“When I was applying for my role at Looka, I did a thorough scan of all their social channels,” says Christine Glossop, an SEO Manager at Looka.
Glossop, like many candidates, used her prospective employer’s social channels to vet the company. What she really wanted to know was whether Looka lived up to its own values: “For a company that values great design and branding, well-run social channels were an essential way to check whether that was really the case.”
Candidates for all roles will comb your social media for clues about what it’s like to work for your company. Here’s what your content needs to stand out to them:
1. A Personal Connection
Your social media content should convey your company’s mission and help candidates form a personal connection with that mission. That you, you’ll attract people who are passionate about the same things as your company is.
Your candidates might be perusing your social profiles on their lunch breaks. Make sure your content is mobile-friendly so that interested applicants can access it on any platform. That means keeping your text posts concise and scannable, putting the most important keywords up front, and including a lot of images or videos where possible.
3. Engaging Ideas
You want content that gets likes and shares. When candidates see a lot of positive interactions with your content, they’ll feel more positively about your brand, too.
What kind of content is most engage? You have a few options.
Share user-generated content made by customers and staff members — with their permission, of course! — can compel others to engage in the hopes of attaining the same spotlight. Here’s an example of Whole Foods showing off a customer’s photo on the company Instagram account:
People also like to share memes, clips, quotes, tweets, infographics, and images that resonate with them. Make sure you’re developing highly visual, shareable content that speaks to candidates and can be easily shared. For example, Allbirds hosts a Pinterest board full of cool, shareable product shots and quotes on climate change:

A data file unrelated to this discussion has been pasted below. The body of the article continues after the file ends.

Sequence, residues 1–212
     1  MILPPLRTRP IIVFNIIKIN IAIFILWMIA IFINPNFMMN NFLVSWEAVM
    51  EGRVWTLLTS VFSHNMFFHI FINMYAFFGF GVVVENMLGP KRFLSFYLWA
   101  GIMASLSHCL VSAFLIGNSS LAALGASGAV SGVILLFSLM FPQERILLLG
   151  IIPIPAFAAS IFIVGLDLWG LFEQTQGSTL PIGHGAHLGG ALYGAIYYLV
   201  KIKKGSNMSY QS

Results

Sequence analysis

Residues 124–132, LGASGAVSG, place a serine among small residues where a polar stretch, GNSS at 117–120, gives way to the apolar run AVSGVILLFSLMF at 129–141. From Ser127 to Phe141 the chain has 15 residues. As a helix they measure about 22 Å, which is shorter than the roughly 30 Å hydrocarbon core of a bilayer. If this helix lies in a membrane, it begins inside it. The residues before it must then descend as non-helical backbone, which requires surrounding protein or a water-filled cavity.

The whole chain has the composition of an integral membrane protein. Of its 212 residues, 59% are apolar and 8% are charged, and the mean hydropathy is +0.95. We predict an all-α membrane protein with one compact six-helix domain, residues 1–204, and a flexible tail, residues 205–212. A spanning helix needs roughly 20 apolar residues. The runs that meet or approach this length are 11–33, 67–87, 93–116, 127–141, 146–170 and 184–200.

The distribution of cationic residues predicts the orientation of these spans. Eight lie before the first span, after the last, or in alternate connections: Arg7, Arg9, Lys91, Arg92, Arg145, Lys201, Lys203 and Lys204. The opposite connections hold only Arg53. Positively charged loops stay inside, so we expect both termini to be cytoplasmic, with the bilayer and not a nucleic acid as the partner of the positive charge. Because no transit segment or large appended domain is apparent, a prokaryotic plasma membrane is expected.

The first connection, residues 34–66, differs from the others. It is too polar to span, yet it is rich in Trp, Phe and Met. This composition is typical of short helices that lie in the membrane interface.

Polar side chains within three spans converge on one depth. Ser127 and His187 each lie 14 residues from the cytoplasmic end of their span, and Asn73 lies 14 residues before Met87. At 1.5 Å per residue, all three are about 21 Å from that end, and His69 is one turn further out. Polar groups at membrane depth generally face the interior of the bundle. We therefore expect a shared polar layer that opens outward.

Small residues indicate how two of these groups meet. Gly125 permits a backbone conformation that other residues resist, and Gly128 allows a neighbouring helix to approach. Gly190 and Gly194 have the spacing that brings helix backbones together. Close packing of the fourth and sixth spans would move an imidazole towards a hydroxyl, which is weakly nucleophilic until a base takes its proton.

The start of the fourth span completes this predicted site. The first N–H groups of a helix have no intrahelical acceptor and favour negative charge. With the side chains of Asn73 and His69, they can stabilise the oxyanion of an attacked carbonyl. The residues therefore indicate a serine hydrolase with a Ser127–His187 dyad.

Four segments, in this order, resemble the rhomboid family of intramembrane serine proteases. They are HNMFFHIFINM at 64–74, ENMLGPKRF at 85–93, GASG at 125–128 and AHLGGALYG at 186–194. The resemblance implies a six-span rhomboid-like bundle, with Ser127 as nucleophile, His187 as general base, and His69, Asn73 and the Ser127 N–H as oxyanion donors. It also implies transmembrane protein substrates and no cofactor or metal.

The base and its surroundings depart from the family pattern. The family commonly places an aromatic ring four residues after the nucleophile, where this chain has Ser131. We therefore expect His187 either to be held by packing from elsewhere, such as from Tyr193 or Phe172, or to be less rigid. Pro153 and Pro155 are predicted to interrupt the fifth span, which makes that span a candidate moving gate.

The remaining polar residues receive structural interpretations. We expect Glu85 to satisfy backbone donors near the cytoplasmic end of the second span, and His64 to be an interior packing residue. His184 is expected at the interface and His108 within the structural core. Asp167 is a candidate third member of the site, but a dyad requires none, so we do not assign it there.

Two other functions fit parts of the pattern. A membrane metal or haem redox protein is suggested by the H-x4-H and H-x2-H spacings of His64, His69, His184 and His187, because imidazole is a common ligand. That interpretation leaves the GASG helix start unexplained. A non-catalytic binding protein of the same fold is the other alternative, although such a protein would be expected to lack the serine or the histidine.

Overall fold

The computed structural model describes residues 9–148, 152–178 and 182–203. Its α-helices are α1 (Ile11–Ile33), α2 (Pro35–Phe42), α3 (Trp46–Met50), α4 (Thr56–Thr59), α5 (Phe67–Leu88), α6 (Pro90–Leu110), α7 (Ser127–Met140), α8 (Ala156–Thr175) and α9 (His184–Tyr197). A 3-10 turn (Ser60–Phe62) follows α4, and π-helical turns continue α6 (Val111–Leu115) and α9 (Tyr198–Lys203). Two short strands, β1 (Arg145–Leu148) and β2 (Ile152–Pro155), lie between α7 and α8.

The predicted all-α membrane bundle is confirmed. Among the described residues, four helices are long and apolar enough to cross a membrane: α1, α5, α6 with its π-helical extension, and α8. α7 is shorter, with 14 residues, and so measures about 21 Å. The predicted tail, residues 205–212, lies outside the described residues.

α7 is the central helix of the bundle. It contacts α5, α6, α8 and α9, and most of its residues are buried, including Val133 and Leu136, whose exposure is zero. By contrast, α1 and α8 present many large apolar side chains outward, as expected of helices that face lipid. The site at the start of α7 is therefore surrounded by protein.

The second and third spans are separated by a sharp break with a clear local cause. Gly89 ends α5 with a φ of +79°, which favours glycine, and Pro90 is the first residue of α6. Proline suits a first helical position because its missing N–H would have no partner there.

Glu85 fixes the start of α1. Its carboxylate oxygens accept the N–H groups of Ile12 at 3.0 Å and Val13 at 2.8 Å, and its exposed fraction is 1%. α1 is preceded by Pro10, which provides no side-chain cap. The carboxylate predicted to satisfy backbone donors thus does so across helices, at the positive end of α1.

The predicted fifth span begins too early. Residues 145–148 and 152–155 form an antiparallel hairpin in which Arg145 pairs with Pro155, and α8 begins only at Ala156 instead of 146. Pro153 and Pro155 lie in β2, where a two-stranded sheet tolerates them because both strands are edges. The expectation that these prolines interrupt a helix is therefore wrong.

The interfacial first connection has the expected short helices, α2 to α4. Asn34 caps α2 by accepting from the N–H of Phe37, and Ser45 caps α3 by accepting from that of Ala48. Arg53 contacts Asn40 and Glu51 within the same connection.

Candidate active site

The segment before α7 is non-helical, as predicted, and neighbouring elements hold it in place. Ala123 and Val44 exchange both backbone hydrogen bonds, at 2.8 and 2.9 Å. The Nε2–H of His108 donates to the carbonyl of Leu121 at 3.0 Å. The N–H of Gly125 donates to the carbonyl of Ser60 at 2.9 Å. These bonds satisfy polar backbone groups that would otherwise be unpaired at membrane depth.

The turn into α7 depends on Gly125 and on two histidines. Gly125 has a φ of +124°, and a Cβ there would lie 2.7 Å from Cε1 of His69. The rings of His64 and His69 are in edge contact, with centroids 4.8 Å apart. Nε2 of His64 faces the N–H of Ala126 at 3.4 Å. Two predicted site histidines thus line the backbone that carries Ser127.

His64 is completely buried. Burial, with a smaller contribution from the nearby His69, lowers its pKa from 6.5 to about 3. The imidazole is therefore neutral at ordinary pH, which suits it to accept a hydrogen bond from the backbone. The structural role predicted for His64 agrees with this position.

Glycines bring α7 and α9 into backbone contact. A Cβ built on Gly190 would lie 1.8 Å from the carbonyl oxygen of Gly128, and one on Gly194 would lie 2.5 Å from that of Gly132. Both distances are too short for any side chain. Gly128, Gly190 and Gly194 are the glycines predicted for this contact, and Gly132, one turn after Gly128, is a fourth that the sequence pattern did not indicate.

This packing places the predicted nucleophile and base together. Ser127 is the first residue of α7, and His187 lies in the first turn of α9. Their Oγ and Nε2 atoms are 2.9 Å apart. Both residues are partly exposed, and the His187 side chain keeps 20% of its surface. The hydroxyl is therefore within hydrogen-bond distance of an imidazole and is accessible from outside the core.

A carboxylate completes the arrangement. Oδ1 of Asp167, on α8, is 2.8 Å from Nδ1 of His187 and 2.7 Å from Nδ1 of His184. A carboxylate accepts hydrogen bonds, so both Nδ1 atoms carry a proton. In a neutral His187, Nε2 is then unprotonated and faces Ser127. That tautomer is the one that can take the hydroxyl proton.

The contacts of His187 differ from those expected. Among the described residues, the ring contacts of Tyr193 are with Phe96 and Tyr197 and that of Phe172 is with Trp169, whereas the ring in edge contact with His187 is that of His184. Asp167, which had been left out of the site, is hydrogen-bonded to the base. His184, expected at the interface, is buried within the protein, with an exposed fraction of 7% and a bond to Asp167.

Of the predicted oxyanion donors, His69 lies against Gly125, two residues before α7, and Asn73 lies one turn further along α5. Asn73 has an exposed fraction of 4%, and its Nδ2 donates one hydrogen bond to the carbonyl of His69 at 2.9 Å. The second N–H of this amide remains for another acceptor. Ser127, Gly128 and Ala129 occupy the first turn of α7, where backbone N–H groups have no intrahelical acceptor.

Fun content that puts a new spin on things can also attract a lot of positive attention, like doing a product demonstration in a unique way or hosting an “Ask Me Anything” (AMA) where users can talk directly with your team members.
You could even ask your employees to take over Facebook Live for the day, showing prospective employees what’s going on in the office at the time. If it takes off, you could make it into a series that viewers can look forward to on a regularly scheduled basis.
Update the content on your social platforms regularly. Put simply, a dead profile gives candidates a vibe that something is wrong with your company.
Create a Recruitment Funnel
People who are right for your business might not be interested in the vacancies you have at the moment, but that’s not to say you won’t need these candidates in the future. You can use your social media profiles to funnel these potential candidates into a talent pipeline that you can use later on down the line when new hiring needs arise.
Add an email address to your profile page where people can email their resumes or give candidates a way to subscribe to future updates so you can collect their email addresses. You can then share new vacancies and other company changes with these future candidates via a newsletter. This helps you stay in touch with people who could become team members one day.
Ultimately, attracting great talent is a lot like attracting customers to your brand. You want to showcase your company culture, mission, goals, and other business activities to speak to your audience and get them interested in what you do. Social media is a great means of doing this.
Creating content on social media related to what your company does is a good way to find people who share the same values as your company — and a good way to find out if your candidates are as good as their resumes make them seem.
Carla Andre-Brown is a content marketer at Mailbird.